I Want to Get Set Up at My New Job
Bring two forms of ID or your passport.
When you arrive on your first day, your employer will give you a form called an I-9, which verifies you are eligible to work in the United States. In order to complete it, you’ll need either a valid U.S. passport, or a state-issued driver’s license plus a Social Security card. If you don’t have one of these, you can find a full list of appropriate IDs here.
Fill out your W-4.
You’ll also be asked to fill out your W-4 on your first day. This determines how much in taxes will be withheld from each paycheck. If this is your first time ever filling out a W-4, don’t worry—your taxes are most likely very simple, and you can follow the instructions right on the sheet. However, if you’re at all unsure how many allowances to take, we provide a full explanation of how the W-4 works here.
Set up your paycheck for direct deposit.
On your first day, you’ll probably also receive a form that gives you the option of getting your paycheck deposited directly into your bank account, which will make your life much simpler. Some companies don’t even have a form—they just request you hand them a voided check. We think it’s best to put your first paycheck in your savings account (we’ll tell you how to get money into checking later), so you’ll need to know the routing number and account number for the bank that holds your savings. You can log in to your account or call your bank to find out. Some banks even provide a direct deposit form that you can print and hand in. Later on in the checklist, you’ll decide whether you’d like to have your whole paycheck go to savings permanently.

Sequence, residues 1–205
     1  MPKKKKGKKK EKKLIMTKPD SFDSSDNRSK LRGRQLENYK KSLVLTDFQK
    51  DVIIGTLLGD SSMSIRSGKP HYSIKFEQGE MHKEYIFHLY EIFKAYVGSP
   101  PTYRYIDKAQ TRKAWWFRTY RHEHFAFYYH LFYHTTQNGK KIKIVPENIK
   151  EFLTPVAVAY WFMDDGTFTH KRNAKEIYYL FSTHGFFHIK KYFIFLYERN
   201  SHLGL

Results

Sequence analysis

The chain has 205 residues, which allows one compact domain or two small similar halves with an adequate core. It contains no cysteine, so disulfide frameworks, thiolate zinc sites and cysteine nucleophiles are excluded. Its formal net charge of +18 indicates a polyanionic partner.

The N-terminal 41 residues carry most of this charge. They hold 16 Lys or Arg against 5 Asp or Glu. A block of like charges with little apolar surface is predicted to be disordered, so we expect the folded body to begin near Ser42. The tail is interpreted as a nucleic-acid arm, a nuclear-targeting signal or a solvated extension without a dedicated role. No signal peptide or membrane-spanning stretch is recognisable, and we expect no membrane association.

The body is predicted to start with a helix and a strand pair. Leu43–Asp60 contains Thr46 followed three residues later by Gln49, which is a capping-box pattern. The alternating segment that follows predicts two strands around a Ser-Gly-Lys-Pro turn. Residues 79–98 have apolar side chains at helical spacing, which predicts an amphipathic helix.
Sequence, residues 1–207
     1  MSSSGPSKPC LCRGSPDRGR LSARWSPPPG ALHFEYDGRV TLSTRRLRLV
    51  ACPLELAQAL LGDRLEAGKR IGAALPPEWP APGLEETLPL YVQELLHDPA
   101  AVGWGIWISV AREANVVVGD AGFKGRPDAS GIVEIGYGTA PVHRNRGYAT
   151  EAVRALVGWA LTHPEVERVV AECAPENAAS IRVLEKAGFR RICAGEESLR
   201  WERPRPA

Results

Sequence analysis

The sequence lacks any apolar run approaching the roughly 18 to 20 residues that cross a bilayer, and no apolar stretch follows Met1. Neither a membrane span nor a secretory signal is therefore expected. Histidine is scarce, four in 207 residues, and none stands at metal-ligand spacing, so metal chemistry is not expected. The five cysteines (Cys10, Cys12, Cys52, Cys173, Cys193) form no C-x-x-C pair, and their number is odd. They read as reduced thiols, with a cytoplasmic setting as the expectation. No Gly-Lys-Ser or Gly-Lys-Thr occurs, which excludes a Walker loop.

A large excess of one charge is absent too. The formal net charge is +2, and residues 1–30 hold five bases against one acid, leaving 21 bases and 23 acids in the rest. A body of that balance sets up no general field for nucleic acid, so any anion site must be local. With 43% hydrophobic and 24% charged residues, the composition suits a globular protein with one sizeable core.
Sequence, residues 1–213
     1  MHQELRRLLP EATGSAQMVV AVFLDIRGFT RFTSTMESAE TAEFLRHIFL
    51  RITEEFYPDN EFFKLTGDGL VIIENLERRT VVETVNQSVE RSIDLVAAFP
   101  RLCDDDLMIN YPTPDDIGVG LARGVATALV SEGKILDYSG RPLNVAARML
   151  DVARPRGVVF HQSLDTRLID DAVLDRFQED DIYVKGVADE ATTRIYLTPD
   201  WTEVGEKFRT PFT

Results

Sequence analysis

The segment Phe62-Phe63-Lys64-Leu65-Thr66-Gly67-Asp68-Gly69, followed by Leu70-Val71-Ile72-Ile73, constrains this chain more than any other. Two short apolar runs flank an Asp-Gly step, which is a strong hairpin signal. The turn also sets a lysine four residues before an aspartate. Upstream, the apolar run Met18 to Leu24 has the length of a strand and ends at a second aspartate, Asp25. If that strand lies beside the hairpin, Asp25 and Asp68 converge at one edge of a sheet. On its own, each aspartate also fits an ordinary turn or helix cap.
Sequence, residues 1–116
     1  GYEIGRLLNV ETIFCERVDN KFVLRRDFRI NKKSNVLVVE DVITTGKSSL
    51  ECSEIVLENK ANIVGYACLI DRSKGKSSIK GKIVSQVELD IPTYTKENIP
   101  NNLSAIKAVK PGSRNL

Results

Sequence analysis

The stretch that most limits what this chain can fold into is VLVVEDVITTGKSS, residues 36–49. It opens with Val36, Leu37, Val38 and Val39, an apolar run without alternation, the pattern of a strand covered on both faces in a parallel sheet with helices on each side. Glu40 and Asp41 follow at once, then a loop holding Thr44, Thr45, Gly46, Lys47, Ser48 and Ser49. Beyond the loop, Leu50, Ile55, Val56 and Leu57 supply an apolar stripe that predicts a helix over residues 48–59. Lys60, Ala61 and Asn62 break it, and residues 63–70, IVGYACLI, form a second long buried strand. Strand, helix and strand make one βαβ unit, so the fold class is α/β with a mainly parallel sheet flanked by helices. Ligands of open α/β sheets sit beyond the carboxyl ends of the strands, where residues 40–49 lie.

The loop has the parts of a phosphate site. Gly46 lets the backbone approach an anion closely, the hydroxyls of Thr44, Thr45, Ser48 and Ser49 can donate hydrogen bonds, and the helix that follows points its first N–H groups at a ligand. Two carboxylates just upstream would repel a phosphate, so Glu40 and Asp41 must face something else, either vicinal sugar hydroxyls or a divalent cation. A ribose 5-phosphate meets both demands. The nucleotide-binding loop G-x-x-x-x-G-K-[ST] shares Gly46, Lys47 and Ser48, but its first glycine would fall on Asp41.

Digitally link your savings account to your checking account.